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Comment: Re:The Canadian Exodus.... (Score 1) 1125

by gizmo2199 (#46770723) Attached to: Retired SCOTUS Justice Wants To 'Fix' the Second Amendment
"I mean machine guns should be fine"

You do know that machine guns are mainly used to fire at advancing infantry, and kill dozens of people at the same time. In other words, they're truly weapons of war, not for hunting or self-defense. Why would the average person need one again?

Comment: Re:Paul Krugman, 1998 (Score 2) 187

by gizmo2199 (#46272511) Attached to: Krugman: Say No To Comcast Acquisition of Time Warner
So if the economy is depressed because the government is "printing money", why is inflation so low? (1.64% per year since 2008) Why isn't it 20% or higher as has been the case in other economic crises such as in Brazil or Argentina in the 1980s? Furthermore, the move toward consolidation has more to do with deregulation, than with "government monopolies."--the exact opposite. Companies are sitting on so much money (because of lower tax rates, higher stock prices, etc), that it's easier for them to buy their competitors than to invest in their operations to get new customers. Which leads these companies to have even less of an incentive to invest in higher speed broadband, or offer better prices for their customers. That was the whole point of Krugman's article.

Comment: Re:Just copying data? (Score 1) 243

by gizmo2199 (#45775201) Attached to: Ulbricht Admits Seized Bitcoins Are His and Wants Them Back
Speaking of bitcoin, Krugman said "Bitcoin... is by design, a kind of virtual gold. And like gold, it can be mined: you can create new bitcoins, but only by solving very complex mathematical problems that require both a lot of computing power and a lot of electricity to run the computers. Hence the location in Iceland, which has cheap electricity from hydropower and an abundance of cold air to cool those furiously churning machines. Even so, a lot of real resources are being used to create virtual objects with no clear use."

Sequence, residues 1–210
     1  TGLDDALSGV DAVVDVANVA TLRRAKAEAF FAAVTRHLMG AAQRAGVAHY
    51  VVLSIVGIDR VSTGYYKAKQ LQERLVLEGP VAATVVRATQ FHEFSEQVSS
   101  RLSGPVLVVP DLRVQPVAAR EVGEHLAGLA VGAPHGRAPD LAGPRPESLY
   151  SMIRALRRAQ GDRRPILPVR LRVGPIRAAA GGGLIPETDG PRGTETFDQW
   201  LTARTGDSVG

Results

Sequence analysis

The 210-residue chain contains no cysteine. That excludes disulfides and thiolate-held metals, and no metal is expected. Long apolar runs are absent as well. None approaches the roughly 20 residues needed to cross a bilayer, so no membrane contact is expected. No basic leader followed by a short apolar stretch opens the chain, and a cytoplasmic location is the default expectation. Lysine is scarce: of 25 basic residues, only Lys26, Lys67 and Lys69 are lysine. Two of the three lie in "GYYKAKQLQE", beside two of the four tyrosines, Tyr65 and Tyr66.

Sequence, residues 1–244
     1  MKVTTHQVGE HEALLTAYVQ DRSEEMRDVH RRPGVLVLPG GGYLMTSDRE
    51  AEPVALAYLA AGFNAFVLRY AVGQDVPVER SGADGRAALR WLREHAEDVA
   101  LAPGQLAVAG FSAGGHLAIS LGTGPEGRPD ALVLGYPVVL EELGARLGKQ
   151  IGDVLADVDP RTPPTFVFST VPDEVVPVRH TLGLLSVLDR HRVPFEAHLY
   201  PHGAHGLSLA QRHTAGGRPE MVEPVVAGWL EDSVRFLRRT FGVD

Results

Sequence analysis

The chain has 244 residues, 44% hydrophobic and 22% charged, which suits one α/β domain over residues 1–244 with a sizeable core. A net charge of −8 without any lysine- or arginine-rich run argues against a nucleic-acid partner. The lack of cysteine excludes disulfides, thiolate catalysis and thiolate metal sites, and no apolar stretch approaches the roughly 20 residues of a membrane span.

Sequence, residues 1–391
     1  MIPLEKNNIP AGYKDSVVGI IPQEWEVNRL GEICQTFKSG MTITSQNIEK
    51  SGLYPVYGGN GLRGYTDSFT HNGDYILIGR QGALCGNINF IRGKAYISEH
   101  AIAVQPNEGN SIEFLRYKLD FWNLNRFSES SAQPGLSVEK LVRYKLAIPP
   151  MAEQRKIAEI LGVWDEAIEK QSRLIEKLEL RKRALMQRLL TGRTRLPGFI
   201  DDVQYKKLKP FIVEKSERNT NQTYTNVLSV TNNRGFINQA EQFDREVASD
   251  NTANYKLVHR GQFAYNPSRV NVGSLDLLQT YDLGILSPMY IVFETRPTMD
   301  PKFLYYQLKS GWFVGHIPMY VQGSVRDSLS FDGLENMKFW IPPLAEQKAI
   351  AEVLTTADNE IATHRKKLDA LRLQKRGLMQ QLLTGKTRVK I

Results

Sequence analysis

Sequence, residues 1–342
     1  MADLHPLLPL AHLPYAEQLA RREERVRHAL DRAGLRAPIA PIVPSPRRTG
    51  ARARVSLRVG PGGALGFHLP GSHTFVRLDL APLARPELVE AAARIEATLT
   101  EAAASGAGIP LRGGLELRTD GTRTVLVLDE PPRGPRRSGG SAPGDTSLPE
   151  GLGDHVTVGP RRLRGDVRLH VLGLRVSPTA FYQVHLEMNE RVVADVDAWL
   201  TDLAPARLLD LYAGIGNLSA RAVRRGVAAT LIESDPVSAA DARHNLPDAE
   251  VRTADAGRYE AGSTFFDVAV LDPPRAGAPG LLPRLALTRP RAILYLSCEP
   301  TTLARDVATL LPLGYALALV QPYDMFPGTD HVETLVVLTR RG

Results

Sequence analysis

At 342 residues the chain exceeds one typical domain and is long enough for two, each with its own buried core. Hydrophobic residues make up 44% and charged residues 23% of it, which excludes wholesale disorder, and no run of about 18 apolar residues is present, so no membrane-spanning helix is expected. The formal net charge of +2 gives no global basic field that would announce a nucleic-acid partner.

In other words bitcoin mining is actually wasting electricity and adding to the carbon footprint, but not really adding value to anything. The object itself is entirely fictional and speculative. At least gold can be made into jewelry or used in electronics, what can you use bitcoin for, other than speculating on it's price?
And what I find ironic is that 200 years ago, there was no Federal Reserve, and any bank could print their own money. Yet somehow people opted to use the currency backed by the US govt. So in a sense we are mining our way back to the 17th century.

Comment: Re:This is not about "wealth inequality" (Score 1) 653

by gizmo2199 (#45757371) Attached to: Protesters Block Apple and Google Buses In California
"the same people who are in the streets and protesting the lack of affordable housing are the ones who will file lawsuits and protest development that provides housing." No, it's not the same people. For one thing, it's a class issue. The "liberals" who file those lawsuits, are seeking to protect their already valuable property because they like their nice 3 or 4 story town-homes for which they paid millions of dollars for. They also don't want to live next to a building full of 20-something partyers who stay up 'til 5am on Tuesday nights. The other "liberals" protesting the buses are working-class and couldn't afford to live in denser construction anyway, since any new construction in SF would only be at the high-end, like luxury condos for those techie partyers. In other words, they're not the same people. I'm sure a bunch of Wall St. investment bankers voted for Obama, which by no means implies they'd support affordable housing.

Comment: Re:Hmm. (Score 1) 653

by gizmo2199 (#45757033) Attached to: Protesters Block Apple and Google Buses In California
In other words, mankind are more disposed to suffer, while evils are sufferable, and shouldn't right themselves by abolishing the forms to which they are accustomed? Yet didn't the founding fathers say that when you suffer a long train of abuses and usurpations, it is our right, it is our duty, to throw off such oppression?

Comment: Re:Tough luck.. (Score 1) 923

by gizmo2199 (#45614229) Attached to: Thieves Who Stole Cobalt-60 Will Soon Be Dead
Whoever said Christianity is a religion of peace? Of course this is trite, but the biggest reason for Christianity's spread, especially among the kings and emperors of post-Roman Europe, was the fact that you could maim and kill at will in wars of conquest and still be forgiven for your sins and go to heaven. In addition, it allowed them to subjugate a mass of peasant serfs through the Church, instead of whips and chains. In other words, a religion tailor-made for the United States.

Comment: They've already been sued...and won. (Score 1) 188

In 2006, the Center for Constitutional Rights sued the federal government asking a federal court for an injunction to stop warrantless wiretapping and naming George W. Bush, the head of the NSA and the heads of other intelligence agencies as defendants. The case was dismissed in June of 2013 when the court agreed with the precedent set in two other cases, which basically said that Americans don’t even have the right to sue their government over its surveillance program, unless they can prove that their communications were intercepted. In other words, you can't sue unless you can demonstrate irreparable personal harm from the spying program. Of course the NSA is never going to hand-over that information voluntarily.

When someone says "I want a programming language in which I need only say what I wish done," give him a lollipop.